Almodis de la Marche

Almodis de la Marche (c. 1020 – 16 October 1071) was a French noble. She was famed for her marriage career, in particularly for her third marriage to Ramon Berenguer I, Count of Barcelona, with whom she committed double bigamy in 1053, for which the Pope had them excommunicated.

Almodis de la Marche
Ramon Berenguer I and his wife, Almodis de la Marche, counting out 2,000 ounces of gold coins as payment to William Raymond and Adelaide, count and countess of Cerdagne, in return for their rights over Carcassonne in 1067.[1]
Bornc. 1020
Died1071 (aged 5051)
Noble familyHouse of Marche
Spouse(s)Hugh V of Lusignan
Pons of Toulouse
Ramon Berenguer I, Count of Barcelona
FatherBernard I, Count of Marche


Almodis was the daughter of Bernard I, Count of Marche and wife Amélie.[2] She married Hugh V of Lusignan around 1038 and they had two sons and one daughter. Almodis and Hugh of Lusignan divorced due to consanguinity.[3] She later, with Hugh's assistance, married Count Pons of Toulouse in 1040.[4] Almodis was still Pons' wife in April 1053, when she was abducted by Ramon Berenguer I, Count of Barcelona.[5] He kidnapped her from Narbonne with the aid of a fleet sent north by his ally, the Muslim emir of Tortosa.[5] They married immediately (despite the fact both of her previous husbands were still alive) and they appear with their twin sons in a charter the next year. Pope Victor II excommunicated Almodis and Ramon for this illegal marriage until 1056.[6]

Almodis maintained contact with her former husbands and many children, and in 1066/1067 she traveled to Toulouse for her daughter's wedding. A few years before, in 1060, Hugh V of Lusignan had revolted against his lord, Duke William VIII of Aquitaine, in support of Almodis' son William IV of Toulouse.[4] Her sons supported one another in military campaigns; Hugh VI of Lusignan, Raymond IV of Toulouse, and Berenguer Ramon all took the Cross.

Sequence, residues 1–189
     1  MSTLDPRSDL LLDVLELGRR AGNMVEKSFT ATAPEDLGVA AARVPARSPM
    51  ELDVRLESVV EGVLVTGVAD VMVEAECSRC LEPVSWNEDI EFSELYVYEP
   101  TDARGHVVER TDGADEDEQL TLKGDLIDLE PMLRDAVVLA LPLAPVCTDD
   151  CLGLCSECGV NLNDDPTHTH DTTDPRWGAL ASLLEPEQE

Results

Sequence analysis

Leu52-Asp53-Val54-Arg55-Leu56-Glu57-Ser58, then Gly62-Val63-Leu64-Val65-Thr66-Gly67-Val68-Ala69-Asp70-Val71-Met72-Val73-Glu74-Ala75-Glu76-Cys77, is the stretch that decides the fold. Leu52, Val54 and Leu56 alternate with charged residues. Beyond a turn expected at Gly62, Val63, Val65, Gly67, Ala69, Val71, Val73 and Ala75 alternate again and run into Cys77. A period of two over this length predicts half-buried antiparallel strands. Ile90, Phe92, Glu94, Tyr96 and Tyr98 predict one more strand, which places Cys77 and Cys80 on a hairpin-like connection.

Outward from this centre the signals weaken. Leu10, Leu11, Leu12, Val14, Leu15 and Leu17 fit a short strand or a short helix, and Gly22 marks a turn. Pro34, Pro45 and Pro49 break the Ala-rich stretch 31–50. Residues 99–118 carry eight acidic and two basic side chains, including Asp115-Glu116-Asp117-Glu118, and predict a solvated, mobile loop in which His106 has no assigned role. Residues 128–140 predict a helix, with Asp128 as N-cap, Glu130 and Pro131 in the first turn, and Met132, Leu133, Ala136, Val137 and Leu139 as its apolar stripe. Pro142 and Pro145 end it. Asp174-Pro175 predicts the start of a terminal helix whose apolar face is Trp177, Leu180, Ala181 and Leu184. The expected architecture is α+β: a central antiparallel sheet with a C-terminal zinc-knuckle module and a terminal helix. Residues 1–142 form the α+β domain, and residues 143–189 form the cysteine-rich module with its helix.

Her third husband Ramon was married to her niece, Isabela Trencavel, the daughter of Rangearde de la Marche. Their son, Peter Raymundi, was Ramon's original heir. Peter Raymundi resented Almodis' influence and was concerned she was trying to replace him with her own two sons, his consanguinous nephews, both who had claims through their father, Count La Marche. He murdered her in October 1071.[7] William of Malmesbury reflected that she was, "sad, [of] unbridled lewdness".[5]

Pere-Ramon was disinherited and exiled for his crime and fled the country. When his father died in 1076, Barcelona was split between Almodis' sons, Berenguer Ramon and Ramon Berenguer. The family history of murder did not end with Pere-Ramon, as Berenguer Ramon earned his nickname "The Fratricide" when he killed his own twin brother.


She married Hugh V of Lusignan[5] around 1038 and they had two sons and one daughter:

  • Hugh VI of Lusignan (c. 1039–1101)[2]
  • Jordan de Lusignan
  • Mélisende de Lusignan (b. bef. 1055), married before 1074 to Simon I "l'Archevêque", Vidame de Parthenay

Almodis and Hugh of Lusignan divorced due to consanguinity, and Hugh arranged for her to marry Count Pons of Toulouse in 1040.[5] Together they produced several children, including:

In 1053, she married Ramon Berenguer I, Count of Barcelona.[5] Together they produced four children:


  1. Bishko 1968, p. 40.
  2. Aurell 1995, p. 258.
  3. Kagay 1993, p. 38.
  4. Riley-Smith 1997, p. 46.
  5. Cheyette 1988, p. 839.
  6. Aurell 1995, p. 231.
  7. Peña 1991, p. 47.


  • Aurell, Martin (1995). Les noces du comte: mariage et pouvoir en Catalogne (785-1213). Publications de la Sorbonne.
  • Bishko, Charles Julian (1968). "Fernando I and the Origins of the Leonese-Castilian Alliance with Cluny". Studies in Medieval Spanish Frontier History. Variorum.
  • Cheyette, Fredric L. (1988). "The "Sale" of Carcassonne to the Counts of Barcelona (1067-1070) and the Rise of the Trencavels". Speculum. The University of Chicago Press. Vol. 63, No. 4 Oct.
  • Kagay, Donald J. (1993). "Countess Almodis of Barcelona: "Illustrious and Distinguished Queen" or "Woman of Sad, Unbridled Lewdness"". In Vann, Theresa M. (ed.). Queens, Regents and Potentates. Academia Press.
  • Peña (1991). The Chronicle of San Juan de la Peña: A Fourteenth-century Official History of the Crown of Aragon. Translated by Nelson, Lynn H. University of Pennsylvania Press.
  • Riley-Smith, Jonathan (1997). The First Crusaders, 1095-1131. Cambridge University Press.46

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